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Mary: Could I borrow your umbrella? John: Yes, you ___. (A)can (B)could

Which is the correct answer to the above question?
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Comments  
A.

Though personally, I think "Yes, you can" sounds a bit stiff.
John: There's the doorbell. Who _ it be? (A) can (B) could (C) may (D) might Mary: Well, it _ be your mother. (A) can (B) could (C) may (D) might

What are the correct answers to the above questions?
Students: We have free audio pronunciation exercises.
I think the answer is "could". What do other people think?

Hela
Hela,

The use of "could" to mean "can"* is not possible in that context - an "assertive" context.
The use of "could" to mean "can"* in such contexts is restricted to "non-assertive" contexts, e.g., negations and questions.

[ What is true of the "could"/"can" pair in this respect is generally true of the "might"/"may" pair as well:

Might I borrow this book? Yes, you may. (*Yes, you might.) ]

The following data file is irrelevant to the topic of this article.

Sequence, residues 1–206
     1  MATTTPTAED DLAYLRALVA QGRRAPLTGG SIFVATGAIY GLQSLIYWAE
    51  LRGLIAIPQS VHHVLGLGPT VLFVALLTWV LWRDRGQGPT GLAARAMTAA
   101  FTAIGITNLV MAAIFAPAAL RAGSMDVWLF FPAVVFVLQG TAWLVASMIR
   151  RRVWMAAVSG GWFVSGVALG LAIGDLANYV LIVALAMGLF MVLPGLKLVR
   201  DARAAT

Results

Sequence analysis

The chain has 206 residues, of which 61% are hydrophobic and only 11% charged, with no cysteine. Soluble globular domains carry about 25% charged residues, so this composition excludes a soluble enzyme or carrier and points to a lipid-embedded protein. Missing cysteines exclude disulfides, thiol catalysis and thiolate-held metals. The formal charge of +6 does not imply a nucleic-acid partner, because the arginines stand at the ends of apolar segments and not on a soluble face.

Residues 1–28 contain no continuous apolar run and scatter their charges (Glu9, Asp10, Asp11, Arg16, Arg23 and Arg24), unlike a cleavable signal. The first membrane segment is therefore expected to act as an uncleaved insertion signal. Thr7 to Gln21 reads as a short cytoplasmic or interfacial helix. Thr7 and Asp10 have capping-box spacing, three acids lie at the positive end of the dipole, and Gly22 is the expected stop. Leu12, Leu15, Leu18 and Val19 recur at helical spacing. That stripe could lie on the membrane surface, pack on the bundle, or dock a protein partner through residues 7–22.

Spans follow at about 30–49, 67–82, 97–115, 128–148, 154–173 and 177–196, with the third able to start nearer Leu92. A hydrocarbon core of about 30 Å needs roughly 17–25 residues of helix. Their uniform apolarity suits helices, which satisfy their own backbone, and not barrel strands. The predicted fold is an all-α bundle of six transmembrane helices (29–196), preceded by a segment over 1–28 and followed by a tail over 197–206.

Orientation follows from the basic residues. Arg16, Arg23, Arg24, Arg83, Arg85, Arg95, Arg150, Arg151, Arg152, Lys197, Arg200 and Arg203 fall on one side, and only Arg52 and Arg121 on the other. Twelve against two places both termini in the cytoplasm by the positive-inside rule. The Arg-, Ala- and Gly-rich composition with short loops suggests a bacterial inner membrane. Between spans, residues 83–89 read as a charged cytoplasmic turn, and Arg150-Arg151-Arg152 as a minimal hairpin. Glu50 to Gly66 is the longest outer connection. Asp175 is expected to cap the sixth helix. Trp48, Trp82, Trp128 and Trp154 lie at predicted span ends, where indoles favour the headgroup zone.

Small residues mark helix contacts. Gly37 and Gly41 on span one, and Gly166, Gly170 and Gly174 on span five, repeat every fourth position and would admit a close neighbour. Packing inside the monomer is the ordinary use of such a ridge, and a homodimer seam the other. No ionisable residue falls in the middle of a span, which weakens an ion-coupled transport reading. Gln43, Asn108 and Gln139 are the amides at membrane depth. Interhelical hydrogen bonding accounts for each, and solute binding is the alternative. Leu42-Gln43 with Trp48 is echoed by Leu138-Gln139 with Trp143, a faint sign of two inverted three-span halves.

CJ

*which, in turn, is being used to mean "may", (the "may" of permission), by the way.
CalifJimHela,

The use of "could" to mean "can"* is not possible in that context - an "assertive" context.
The use of "could" to mean "can"* in such contexts is restricted to "non-assertive" contexts, e.g., negations and questions.

[ What is true of the "could"/"can" pair in this respect is generally true of the "might"/"may" pair as well:

Might I borrow this book? Yes, you may. (*Yes, you might.) ]

CJ

*which, in turn, is being used to mean "may", (the "may" of permission), by the way.

John: Could I have some more cake? Mary: No, I'm afraid you ___. (A) can't (B) couldn't

A is correct. But is B really acceptable?
Students: Are you brave enough to let our tutors analyse your pronunciation?
Hmm. Let me rethink how that "rule" has to be stated.

I'm trying to say this:

Could I have some more cake?
No, you can't. *No, you couldn't.

I suppose the "negation" thing doesn't work, does it?

Good catch!

CJ
Can he be working at this time? No, he can't.

Can he be working at this time? Yes, he __.

Which modal verb should I use to fill in the blank?
Use 'can'.

CJ
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